Legal news from Friday, November 17, 2006
16:11 EDT

[JURIST] The Referral Bench of the International Criminal Tribunal for the former Yugoslavia (ICTY) [official website, JURIST news archive] ruled [text, PDF] Friday that the case of former Serbian commander Vladimir Kovacevic [ICTY case backgrounder] should be transferred to Serbia [JURIST news archive] within 30 days. The decision marks the [read more]

16:11 EDT

[JURIST] The US military has preliminary plans to build a new legal compound at Guantanamo Bay, Cuba [JURIST news archive], where trials of detainees [JURIST news archive] may begin to take place as early as June, the Miami Herald reported [registration required] Friday. According to a federal solicitation notice [text] [read more]

15:11 EDT

[JURIST] US District Judge Reggie B. Walton [official profile] ruled Friday in support of a bid [JURIST report] by the US Department of Justice [official website] to bar terrorism suspect Majid Khan from access to a civilian lawyer unless and until the US Court of Appeals for the DC Circuit [read more]

15:11 EDT

[JURIST] German officials have expressed some concern about the future of the proposed European Constitution [text; JURIST news archive] in light of positions taken by two leading rivals for the French presidency. Newly-chosen French Socialist Party candidate Segolene Royal [BBC profile; advocacy website in French], and conservative aspirant Nicolas Sarkozy [read more]

14:11 EDT

[JURIST] Computer Associates [corporate website] is seeking repayment of legal defense costs totaling $14.9 million it fronted on behalf of former CEO Sanjay Kumar [Wikipedia profile]. The software maker filed suit against Kumar in New York State Supreme Court [official website] last week. Judge Stephen Bucaria [official profile] granted CA's [read more]

14:11 EDT

[JURIST] German prosecutors Friday filed an appeal for the arrest of Mounir al-Motassadeq [BBC profile; JURIST news archive], a German 9/11 suspect free on bail following Thursday's overturning of a lower court decision acquitting Motassadeq [JURIST report] of assisting the men who carried out the Sept. 11 attacks [JURIST news [read more]

11:11 EDT

[JURIST] US military Combatant Status Review Tribunals [DOD materials] do not offer detainees at Guantanamo Bay [JURIST news archive] an adequate opportunity to contest the accusations against them or to object to their status as enemy combatants [JURIST news archive], according to a report [PDF text] released Friday. Seton Hall [read more]

11:11 EDT

[JURIST] Dutch Prime Minister Jan Peter Balkenende [official profile] said Friday that the government would investigate allegations that Netherlands military personnel abused Iraqi prisoners in 2003 by subjecting them to sleep deprivation, high-pitched noises and bright lights. According to a report [text, in Dutch] Friday in Dutch newspaper De Volkskrant [read more]

10:11 EDT

[JURIST] The South African Department of Justice and Constitutional Development [official website] said Thursday that it is currently considering 1,107 applications for relief from prisoners claiming their incarceration is politically motivated. According to Minister Brigitte Mabandla, the South African constitution [text] gives the president power to pardon the prisoners, many [read more]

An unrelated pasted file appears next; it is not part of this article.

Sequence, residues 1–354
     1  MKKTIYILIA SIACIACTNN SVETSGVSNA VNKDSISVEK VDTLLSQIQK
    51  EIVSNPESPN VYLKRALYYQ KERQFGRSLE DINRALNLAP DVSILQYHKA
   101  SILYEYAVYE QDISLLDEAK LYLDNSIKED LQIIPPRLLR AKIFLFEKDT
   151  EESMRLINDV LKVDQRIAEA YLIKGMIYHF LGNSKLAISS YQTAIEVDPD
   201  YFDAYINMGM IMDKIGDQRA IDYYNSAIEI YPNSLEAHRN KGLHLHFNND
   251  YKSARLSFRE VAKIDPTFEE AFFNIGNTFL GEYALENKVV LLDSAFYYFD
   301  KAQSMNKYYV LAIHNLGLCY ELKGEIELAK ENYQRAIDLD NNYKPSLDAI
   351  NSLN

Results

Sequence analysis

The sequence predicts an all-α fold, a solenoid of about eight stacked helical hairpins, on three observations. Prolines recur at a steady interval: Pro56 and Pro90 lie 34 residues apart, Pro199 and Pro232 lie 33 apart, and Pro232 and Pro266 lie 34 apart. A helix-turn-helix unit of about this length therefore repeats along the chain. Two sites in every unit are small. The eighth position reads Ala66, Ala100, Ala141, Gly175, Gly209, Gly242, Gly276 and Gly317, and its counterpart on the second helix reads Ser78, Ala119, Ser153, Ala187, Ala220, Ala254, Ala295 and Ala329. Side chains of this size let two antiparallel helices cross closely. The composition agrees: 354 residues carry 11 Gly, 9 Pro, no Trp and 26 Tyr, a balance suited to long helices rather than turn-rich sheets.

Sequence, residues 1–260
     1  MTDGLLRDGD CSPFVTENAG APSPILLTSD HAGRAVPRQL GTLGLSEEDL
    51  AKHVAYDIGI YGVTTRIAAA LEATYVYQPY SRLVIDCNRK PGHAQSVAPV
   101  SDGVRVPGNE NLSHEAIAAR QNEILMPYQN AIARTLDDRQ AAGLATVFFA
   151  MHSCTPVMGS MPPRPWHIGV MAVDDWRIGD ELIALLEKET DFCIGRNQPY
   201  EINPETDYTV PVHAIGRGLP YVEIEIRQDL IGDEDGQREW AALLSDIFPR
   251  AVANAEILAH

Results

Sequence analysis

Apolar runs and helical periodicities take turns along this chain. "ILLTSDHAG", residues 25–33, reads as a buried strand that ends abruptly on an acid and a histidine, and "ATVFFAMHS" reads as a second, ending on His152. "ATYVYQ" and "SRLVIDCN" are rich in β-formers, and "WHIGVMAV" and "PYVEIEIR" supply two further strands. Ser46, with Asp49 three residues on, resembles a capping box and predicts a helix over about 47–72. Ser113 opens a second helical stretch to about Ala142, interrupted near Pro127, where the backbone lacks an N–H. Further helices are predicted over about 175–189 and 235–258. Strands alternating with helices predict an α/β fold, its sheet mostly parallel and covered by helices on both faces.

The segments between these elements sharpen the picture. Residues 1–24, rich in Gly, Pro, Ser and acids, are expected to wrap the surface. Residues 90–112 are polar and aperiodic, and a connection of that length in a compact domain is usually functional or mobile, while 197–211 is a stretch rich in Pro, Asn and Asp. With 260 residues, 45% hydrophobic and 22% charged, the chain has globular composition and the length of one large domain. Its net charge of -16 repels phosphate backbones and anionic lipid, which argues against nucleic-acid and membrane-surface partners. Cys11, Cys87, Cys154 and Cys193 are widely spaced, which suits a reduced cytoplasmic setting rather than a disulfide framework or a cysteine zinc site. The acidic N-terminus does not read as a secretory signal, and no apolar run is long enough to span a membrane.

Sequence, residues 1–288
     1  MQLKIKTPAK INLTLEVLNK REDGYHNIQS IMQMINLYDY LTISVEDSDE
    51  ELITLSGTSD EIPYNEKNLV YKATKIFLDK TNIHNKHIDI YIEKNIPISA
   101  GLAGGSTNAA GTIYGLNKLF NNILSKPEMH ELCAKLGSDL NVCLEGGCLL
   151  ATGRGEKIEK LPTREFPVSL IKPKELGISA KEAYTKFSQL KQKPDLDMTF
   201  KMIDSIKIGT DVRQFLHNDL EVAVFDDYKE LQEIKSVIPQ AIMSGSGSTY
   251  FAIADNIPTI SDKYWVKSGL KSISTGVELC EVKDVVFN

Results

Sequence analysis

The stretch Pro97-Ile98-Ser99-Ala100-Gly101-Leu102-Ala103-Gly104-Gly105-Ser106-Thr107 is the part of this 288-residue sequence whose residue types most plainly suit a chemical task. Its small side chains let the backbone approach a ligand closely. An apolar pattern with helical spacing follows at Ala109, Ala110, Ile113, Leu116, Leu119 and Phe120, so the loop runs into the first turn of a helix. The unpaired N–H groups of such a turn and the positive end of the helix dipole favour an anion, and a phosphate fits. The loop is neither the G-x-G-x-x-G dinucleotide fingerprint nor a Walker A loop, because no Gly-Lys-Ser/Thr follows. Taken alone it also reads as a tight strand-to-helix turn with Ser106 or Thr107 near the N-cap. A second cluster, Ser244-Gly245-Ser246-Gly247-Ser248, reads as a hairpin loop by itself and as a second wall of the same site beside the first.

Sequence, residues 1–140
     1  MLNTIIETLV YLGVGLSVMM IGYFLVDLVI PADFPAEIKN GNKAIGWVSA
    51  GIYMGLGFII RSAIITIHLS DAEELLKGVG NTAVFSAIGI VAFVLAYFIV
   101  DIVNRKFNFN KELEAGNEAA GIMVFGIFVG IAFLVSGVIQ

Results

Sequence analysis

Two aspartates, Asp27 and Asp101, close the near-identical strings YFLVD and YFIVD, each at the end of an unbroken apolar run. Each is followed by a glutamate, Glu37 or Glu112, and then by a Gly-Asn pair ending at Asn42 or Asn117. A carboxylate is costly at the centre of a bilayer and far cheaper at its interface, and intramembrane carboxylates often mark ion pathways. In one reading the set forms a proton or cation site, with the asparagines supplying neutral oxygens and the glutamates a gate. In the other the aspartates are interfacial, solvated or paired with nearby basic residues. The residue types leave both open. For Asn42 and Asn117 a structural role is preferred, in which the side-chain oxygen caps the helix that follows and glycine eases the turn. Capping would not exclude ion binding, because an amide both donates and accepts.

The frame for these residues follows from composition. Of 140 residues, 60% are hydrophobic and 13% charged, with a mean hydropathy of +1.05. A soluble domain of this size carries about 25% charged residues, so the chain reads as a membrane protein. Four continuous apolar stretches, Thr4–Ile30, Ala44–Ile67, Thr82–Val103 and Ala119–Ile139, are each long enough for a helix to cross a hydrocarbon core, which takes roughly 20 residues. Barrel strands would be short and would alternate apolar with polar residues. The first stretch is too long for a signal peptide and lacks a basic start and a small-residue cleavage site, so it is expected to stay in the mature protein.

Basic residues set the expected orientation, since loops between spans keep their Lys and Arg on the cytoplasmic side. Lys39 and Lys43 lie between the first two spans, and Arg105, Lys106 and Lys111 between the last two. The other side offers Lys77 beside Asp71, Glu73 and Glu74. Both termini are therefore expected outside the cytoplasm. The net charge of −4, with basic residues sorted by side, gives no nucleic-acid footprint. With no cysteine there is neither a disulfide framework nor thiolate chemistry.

10:11 EDT

[JURIST] A British Army major has testified that a military legal adviser approved techniques for preparing Iraqi detainees for interrogation with techniques that allegedly violated the Geneva Conventions [ICRC materials]. Maj. Antony Royce told a court-martial of several other soldiers charged with abusing Iraqi detainees that his superiors ordered him [read more]

10:11 EDT

[JURIST] US Sen. Chris Dodd (D-CT) [official website] introduced legislation [press release] Thursday that would restore habeas corpus rights to military detainees [JURIST news archive] and make other amendments to the Military Commissions Act of 2006 (MCA) [JURIST news archive]. A key provision in the MCA, which President Bush signed [read more]

09:11 EDT

[JURIST] The Texas Court of Criminal Appeals [official website] has ruled [opinion text; case materials] that President Bush "exceeded his constitutional authority by intruding into the independent powers of the judiciary" with an "unprecedented" directive ordering state court rehearings [JURIST report] for 51 Mexican nationals convicted in US courts. The [read more]

09:11 EDT

[JURIST] Pakistan President Pervez Musharraf [official website, BBC profile] has overturned a ruling by a Sharia court for the first time [RTTNews report] by commuting the sentence of a man whom the court assigned the death penalty. Mirza Tahir Hussain [Wikipedia profile], a British national, was convicted under Sharia Islamic [read more]

08:11 EDT

[JURIST] US President George W. Bush assured Australian Prime Minister John Howard Friday that Australian Guantanamo Bay [JURIST news archive] detainee David Hicks [JURIST news archive] would be brought to trial, but refused to give a timetable for the trial. Referring to Hicks' legal team's promise to challenge [JURIST report] [read more]

07:11 EDT

[JURIST] US District Judge John Houston Thursday temporarily stayed enforcement of an ordinance [2006-38R text, TIF] passed by the city of Escondido, California [official website] which would punish landlords for renting to illegal immigrants [JURIST report]. The ordinance requires landlords to provide evidence of their tenants' immigration status to city [read more]

07:11 EDT

[JURIST] US Marine Lance Cpl. Tyler A. Jackson [advocacy website; JURIST report] was sentenced to 21 months [press release] in military custody Thursday for his participation in the kidnapping and murder of an Iraqi man in Hamdania [USMC timeline; JURIST news archive] last April. Jackson admitted to assisting eight other [read more]

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